Porsche 718 GT4 – Just Upgrade It
We are always surprised by the notion from so many customers, that the GT4 out of the box, is nearly a perfect car. This was certainly not the case w the prior generation 981 GT4, it was horrible out of the box. The newer 718 GT4 is much better, but still not the car it should be. We’re not talking about making the GT4 into a GT4RS, but just taking advantage of the platform to truly make it an outstanding dual personality car, both a daily driver and a great track weapon.
It doesn’t take a lot to alter the personality of the car the way it comes from the factory and to make it a wonderful car (the least amount it needs is a full custom alignment, the factory alignment is not set up to make the car work, it is set up to protect the driver from making a mistake that might cost Porsche a lot of money, so they dumb down the alignment to make it safe). We don’t want safe, we want fun. When you turn, the car should turn, when you get on the throttle hard, the rear should stick. But, if you really want to take advantage of the car and the platform, then there are quite a few things that can be done to transform the car. The more you do, the more the car responds….how much you do all depends on your use case, what tires you are running, and how hard you intend to drive the car. This is not a corner case….we have done more 718 GT4 upgrades than any other car in our history.
So, what needs, or can be upgraded? Just about anything. This is not a fully comprehensive list, but those things that we have found to have the biggest impact. Wheels, tires, exhaust / headers, alignment, suspension, interior / safety, brakes, body, data. The list that follows is not done in a phasing, as you can combine items to move from stock to modified.
If you were to do nothing more than change the stock factory alignment, then you would have a much better car. The factory alignment leaves everything to be desired, the car doesn’t turn in well (understeers with the initial turn in), is OK in the middle of the turn, and then oversteers when applying hard throttle. If you are reading this, and have a 718 (even a 981 GT4 had this same feeling), and have not felt these traits, then it is likely that you are not driving your GT4 hard enough. The primary reason for this is not that the car is bad, but the alignment is. Not enough front negative camber, too much rear negative camber, wrong toe settings, and even the “rake” of the car is off slightly. The good news here is that the car has some of the GT3 underpinnings, and you can get to what we consider a baseline (Phase 0 setup) w the stock suspension. Based on the use case of the car, and the upgrades, we have 7 different alignment setups for the GT4. Many people seem to think that there is ONE perfect alignment or setup….not true, we tailor each setup to the customer and their car, to produce a “confidence” inspiring car….one that brings smiles for miles. If you were to want or need to get to the Phase 7 alignment, then you would likely need to upgrade the following: front Porsche Motorsport upper camber plates, front adjustable thrust arm bushings, and rear adjustable toe links (we will describe later in each section why you need these upgrades).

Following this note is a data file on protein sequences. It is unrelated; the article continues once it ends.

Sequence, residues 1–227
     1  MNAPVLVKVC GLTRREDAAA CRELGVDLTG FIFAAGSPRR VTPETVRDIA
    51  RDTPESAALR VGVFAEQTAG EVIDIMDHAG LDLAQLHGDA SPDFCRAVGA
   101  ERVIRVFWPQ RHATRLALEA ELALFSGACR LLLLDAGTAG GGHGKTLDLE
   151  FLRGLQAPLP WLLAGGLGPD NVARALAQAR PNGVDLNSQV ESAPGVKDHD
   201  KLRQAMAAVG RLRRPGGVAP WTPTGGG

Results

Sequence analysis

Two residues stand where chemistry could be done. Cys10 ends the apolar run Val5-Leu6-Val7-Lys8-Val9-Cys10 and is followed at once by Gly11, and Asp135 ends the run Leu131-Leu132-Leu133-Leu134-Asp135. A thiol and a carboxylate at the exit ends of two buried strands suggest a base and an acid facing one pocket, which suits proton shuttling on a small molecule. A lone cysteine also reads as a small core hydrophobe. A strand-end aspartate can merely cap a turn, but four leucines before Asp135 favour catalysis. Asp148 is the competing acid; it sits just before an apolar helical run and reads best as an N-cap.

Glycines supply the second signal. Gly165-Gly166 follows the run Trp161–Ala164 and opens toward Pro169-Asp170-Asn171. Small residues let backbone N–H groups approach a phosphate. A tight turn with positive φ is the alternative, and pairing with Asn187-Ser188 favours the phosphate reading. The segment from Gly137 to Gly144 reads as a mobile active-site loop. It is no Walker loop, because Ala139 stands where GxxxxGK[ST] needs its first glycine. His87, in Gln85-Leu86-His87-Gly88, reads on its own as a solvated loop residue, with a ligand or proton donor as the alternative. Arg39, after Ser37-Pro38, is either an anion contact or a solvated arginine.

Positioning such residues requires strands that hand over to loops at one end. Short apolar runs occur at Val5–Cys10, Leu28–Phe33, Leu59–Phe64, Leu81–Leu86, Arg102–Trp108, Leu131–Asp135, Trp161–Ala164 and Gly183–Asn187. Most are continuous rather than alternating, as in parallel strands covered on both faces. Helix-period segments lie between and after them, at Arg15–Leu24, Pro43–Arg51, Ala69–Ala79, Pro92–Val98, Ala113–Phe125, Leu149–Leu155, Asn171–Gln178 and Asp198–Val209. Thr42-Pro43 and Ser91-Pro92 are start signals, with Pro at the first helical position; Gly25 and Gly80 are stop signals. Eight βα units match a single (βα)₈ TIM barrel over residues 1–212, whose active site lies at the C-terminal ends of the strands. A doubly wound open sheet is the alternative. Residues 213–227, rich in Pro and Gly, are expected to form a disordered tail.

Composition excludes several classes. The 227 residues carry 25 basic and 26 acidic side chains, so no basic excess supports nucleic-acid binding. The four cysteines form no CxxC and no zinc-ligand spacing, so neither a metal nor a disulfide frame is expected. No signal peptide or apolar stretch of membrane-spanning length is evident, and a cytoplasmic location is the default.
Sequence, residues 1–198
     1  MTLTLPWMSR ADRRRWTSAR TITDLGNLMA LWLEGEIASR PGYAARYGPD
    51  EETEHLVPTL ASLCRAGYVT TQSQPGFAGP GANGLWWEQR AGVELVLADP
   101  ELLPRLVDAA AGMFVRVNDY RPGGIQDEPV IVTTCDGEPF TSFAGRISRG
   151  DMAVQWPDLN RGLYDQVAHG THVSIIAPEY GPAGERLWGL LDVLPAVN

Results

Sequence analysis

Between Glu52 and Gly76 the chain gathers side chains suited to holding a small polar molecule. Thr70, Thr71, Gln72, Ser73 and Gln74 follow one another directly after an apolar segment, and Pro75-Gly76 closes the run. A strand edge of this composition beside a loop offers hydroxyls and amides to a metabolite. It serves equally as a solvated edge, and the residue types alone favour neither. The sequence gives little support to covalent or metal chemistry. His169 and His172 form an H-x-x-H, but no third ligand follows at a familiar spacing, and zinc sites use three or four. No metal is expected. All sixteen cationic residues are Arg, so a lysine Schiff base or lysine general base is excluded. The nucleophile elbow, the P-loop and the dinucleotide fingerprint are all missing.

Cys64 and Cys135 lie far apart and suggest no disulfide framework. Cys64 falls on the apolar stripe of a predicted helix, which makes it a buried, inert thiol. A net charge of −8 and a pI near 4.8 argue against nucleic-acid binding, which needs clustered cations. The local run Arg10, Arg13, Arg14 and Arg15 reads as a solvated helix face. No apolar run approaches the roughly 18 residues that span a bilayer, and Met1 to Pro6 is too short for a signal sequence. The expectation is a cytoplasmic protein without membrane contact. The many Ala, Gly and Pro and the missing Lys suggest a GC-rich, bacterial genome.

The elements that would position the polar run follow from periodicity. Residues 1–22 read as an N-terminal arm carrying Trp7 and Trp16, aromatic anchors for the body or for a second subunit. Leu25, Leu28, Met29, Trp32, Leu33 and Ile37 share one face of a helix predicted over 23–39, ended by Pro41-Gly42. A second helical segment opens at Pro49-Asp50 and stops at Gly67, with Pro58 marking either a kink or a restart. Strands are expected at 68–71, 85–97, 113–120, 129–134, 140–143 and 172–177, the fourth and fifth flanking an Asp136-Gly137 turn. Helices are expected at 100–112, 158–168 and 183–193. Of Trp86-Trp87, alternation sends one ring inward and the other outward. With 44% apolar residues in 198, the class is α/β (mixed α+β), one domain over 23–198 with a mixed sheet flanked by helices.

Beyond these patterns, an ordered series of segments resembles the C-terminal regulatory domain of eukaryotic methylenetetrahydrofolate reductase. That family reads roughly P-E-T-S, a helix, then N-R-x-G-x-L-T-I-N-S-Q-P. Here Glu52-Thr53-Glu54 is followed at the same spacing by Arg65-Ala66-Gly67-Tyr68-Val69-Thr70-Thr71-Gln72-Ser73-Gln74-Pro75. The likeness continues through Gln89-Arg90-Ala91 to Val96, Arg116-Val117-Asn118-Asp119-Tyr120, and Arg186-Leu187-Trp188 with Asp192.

Even w the updated alignment, when you are pushing the car to the limit on the track, the GT4 will still have some traits that will frustrate the daylights out of you. The balance is not quite right. We have tried altering the setup by changing the rake, the sway bar settings, but you can’t get the car to do exactly what it should when you want it.
The primary issue here is the front tire size…it’s just too narrow. The car comes w 245 width front tires, but it needs 265 width. You can’t get there w the stock wheels, so the first big hurdle is new wheels. The best option here is a set of APEX wheels in the 19″ size (now, there are a bunch of requirements here….since the APEX wheels are size optimized to maximize the fitment, some things would need to change…you need a lot of front negative camber to provide clearance, which means you also need front adjustable thrust arm bushings, and you need rear adjustable toe links. One other caveat, the 19″ wheels will NOT clear PCCB brakes). You can get other custom wheels to accomplish the same result, however, they will either cost more money, or not be as optimized for the fitment as a set of APEX wheels are. As of the time of this writing, APEX offered three different designs in the fitment needed for the GT4 (APEX makes a 20″ set of wheels, that WILL clear the PCCB brakes, but these will NOT allow you to run the wider front tire)(APEX 19″ wheel options: Forged: VS-5RS, EC-7RS; Flow Forged: SM-10). There are also more track tires available in these sizes than the 20″ wheels.
The APEX VS-5RS is the wheel we have used most often, as seen on Charles’s GT4 above.